Bolts or Broncos?

BtB Previews the 2007 AFC West
By Paul Bessire, WhatIfSports.com
June 14th 2007

We will preview an NFL division each day for eight days, before presenting final standings, leaders, award winners and playoff results. This analysis is part of a broader endeavor with FOXSports.com's Fantasy Football. Each regular season game is simulated 61 times, with the sum of the averages of those games being our final predicted outcome. This allows us to account for ever player and stat as well as assign probabilities of winning for each team for every game. Rosters and depth charts are up-to-date and as accurate as possible as of June 10, 2007. A schedule of upcoming NFL preview content is listed here.

Today we will preview the AFC West.

San Diego Chargers (11-5)
In stark contradiction to our last preview, the AFC West is the best division in football and the Chargers are still on top (San Diego wins the tie-breaker over Denver). In this case, a three win drop is definitely not a bad thing as the Chargers take the best offensive and defensive players in the world to the table in 2007. The Chargers balanced attack led by LaDainian Tomlinson averages 27.8 points per game, while the defense led by Shawne Merriman allows 17.9 points a game, against a schedule that features games versus six 2007 playoff teams.

Offensive Outlook: The 27.8 points a game are third in the NFL and second (behind Indianapolis) in the AFC. The conversation could begin and end with LT. Tomlinson may not reach 30+ touchdowns, but he still leads the league with 19 combined TDs to go with 2,473 total yards. With the best blocking fullback in football and possibly the top backups (especially by yards per carry), the Chargers have little to worry about with their running game. That leaves the passing attack in the hands of Phillip Rivers who broke out in 2006 with over 3,300 yards. In 2007, he steps out of LT's shadow a little bit with 3,482 yards and 26 touchdowns. Plus, his 12 interceptions are the second fewest of any quarterback with at least 400 attempts. So, to go with the best running back, backup running back, fullback and tight end, San Diego may have the game's most efficient QB. The aforementioned Antonio Gates is Rivers' top target with 75 receptions for 877 yards. Clearly, the receiving corps is the team's biggest weakness, but it adds a weapon with Craig Davis and improves with the emergence of Vincent Jackson. Jackson plays the role of deep threat as well as #1 receiver, averaging 15.5 yards per catch on 45 receptions. This offense is loaded with talent - even the line is young and athletic - and head coach/offensive wizard Norv Turner will only help it improve in 2007.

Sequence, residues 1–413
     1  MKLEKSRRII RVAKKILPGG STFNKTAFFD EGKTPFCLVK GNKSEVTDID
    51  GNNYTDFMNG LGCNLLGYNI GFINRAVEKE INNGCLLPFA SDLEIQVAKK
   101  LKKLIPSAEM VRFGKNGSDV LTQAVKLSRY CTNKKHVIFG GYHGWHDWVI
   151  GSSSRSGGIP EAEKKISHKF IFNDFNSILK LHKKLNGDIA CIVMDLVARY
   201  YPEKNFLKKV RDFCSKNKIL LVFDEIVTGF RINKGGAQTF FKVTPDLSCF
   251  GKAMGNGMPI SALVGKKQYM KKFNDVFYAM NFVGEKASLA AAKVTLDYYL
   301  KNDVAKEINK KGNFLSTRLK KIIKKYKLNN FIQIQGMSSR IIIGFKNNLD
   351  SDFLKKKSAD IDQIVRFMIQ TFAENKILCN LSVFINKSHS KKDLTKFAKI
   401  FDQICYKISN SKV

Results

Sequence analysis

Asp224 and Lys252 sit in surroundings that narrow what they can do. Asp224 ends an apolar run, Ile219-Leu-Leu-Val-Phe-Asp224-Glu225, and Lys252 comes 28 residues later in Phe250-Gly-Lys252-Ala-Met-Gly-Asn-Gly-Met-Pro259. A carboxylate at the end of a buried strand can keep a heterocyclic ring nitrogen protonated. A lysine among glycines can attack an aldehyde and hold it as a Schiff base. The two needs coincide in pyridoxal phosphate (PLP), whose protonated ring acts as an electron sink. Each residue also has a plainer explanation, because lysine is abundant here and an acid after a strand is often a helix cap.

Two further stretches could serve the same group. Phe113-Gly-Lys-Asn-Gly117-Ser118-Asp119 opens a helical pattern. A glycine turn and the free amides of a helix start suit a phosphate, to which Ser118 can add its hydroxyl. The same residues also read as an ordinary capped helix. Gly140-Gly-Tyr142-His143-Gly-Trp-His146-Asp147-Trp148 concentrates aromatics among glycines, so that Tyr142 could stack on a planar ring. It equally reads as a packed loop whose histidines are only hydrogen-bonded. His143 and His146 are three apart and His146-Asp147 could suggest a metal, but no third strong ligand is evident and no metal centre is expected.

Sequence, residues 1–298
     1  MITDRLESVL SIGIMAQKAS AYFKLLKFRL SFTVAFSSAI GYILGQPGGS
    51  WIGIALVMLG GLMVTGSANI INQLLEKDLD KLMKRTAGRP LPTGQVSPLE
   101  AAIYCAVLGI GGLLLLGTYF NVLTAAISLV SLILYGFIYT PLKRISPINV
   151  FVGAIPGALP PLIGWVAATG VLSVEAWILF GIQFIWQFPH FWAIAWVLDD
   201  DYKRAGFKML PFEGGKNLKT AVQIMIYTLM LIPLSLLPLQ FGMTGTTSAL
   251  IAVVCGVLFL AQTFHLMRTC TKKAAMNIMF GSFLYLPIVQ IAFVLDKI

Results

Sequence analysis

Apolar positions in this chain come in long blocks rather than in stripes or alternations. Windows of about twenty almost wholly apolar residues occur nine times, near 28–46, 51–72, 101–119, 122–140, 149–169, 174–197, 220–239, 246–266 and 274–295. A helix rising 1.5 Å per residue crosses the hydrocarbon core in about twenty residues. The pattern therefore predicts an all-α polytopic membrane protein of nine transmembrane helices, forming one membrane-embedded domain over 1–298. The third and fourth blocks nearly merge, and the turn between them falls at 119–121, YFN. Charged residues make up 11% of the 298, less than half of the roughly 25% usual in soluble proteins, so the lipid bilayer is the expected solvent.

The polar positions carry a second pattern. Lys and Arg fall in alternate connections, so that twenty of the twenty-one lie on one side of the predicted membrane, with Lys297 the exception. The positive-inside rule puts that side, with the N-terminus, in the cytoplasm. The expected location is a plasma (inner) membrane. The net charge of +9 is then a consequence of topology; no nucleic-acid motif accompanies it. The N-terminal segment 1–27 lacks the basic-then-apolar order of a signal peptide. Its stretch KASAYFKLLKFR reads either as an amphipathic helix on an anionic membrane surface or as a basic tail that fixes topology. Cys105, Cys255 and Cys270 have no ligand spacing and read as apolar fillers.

Defensive Outlook: The 17.9 points a game allowed are sixth in the league. After reading the analysis on the team's offense, it should come as no surprise that the defense is characterized by its speed and ferocity. Don't they know that most Californians are laid back and relaxed? Donnie Edwards returns to Kansas City and that will probably allow team's to pay more attention to Merriman, but Shaun Phillips, Stephen Cooper, Marques Harris and Matt Wilhelm are no slouches. Add those five freaks (plus productive rookies Brandon Siler and Anthony Waters) to a big and (of course) fast defensive line that includes three guys pushing 300 pounds who may all play in the Pro Bowl, and it may be difficult for teams to cross the line of scrimmage, let alone get a pass off. Merriman leads the NFL with 18 sacks to go with his 82 tackles to handily win NFL Defensive Player of the Year. And if they do get a pass off? The starting secondary from 2006 is intact and it adds a rookie in Eric Weddle who can fill in at every position as well as in the nickel package. This team is scary good. The only thing that hurts it is the strength of the other teams in the its division (not to mention opening the season against Chicago and New England).

Schedule (simulated 2007 record in parentheses): Chicago (11-5), @New England (12-4), Green Bay (8-8), Kansas City (9-7), @Denver (11-5), Oakland (7-9), Houston (5-11), @Minnesota (7-9), Indianapolis (10-6), @Jacksonville (9-7), Baltimore (8-8), @Kansas City (9-7), @Tennessee (3-13), Detroit (6-10), Denver (11-5), @Oakland (7-9).

Fantasy Notables (fantasy rank at position in parentheses): Phillip Rivers (13) 3,482 yards, 26 TDs, 12 INTs; LaDainian Tomlinson (1) 1,957 yards rushing, 54 receptions, 19 total TDs; Vincent Jackson (49) 45 receptions, 702 yards, 5 TDs; Antonio Gates (2) 75 receptions, 877 yards, 7 TDs; Nate Kaeding (3) 45/46 XPs, 30/38 FGs; Defense (6) 15 INTs, 49 sacks, 286 points allowed.

Denver Broncos (11-5)
San Diego may win the division, but this impassioned and highly motivated Denver team is not too far behind. The Broncos will win the Wild Card with a team that scores 23.9 points a game and allows just 15.4, against a schedule that features five games versus 2007 playoff teams.